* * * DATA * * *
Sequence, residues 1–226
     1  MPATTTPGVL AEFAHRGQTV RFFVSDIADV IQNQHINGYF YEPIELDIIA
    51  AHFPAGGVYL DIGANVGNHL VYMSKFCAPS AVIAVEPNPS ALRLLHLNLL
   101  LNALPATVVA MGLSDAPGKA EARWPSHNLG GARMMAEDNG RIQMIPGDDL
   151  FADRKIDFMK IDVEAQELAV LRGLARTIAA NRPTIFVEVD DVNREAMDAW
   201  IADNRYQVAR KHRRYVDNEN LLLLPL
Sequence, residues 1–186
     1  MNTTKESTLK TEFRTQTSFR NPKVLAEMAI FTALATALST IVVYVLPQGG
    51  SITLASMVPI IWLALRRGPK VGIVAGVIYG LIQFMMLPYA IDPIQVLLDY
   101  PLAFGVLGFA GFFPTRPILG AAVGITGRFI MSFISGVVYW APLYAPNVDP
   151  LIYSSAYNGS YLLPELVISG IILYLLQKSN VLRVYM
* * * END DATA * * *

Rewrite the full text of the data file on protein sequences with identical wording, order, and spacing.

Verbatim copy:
Sequence, residues 1–226
     1  MPATTTPGVL AEFAHRGQTV RFFVSDIADV IQNQHINGYF YEPIELDIIA
    51  AHFPAGGVYL DIGANVGNHL VYMSKFCAPS AVIAVEPNPS ALRLLHLNLL
   101  LNALPATVVA MGLSDAPGKA EARWPSHNLG GARMMAEDNG RIQMIPGDDL
   151  FADRKIDFMK IDVEAQELAV LRGLARTIAA NRPTIFVEVD DVNREAMDAW
   201  IADNRYQVAR KHRRYVDNEN LLLLPL
Sequence, residues 1–186
     1  MNTTKESTLK TEFRTQTSFR NPKVLAEMAI FTALATALST IVVYVLPQGG
    51  SITLASMVPI IWLALRRGPK VGIVAGVIYG LIQFMMLPYA IDPIQVLLDY
   101  PLAFGVLGFA GFFPTRPILG AAVGITGRFI MSFISGVVYW APLYAPNVDP
   151  LIYSSAYNGS YLLPELVISG IILYLLQKSN VLRVYM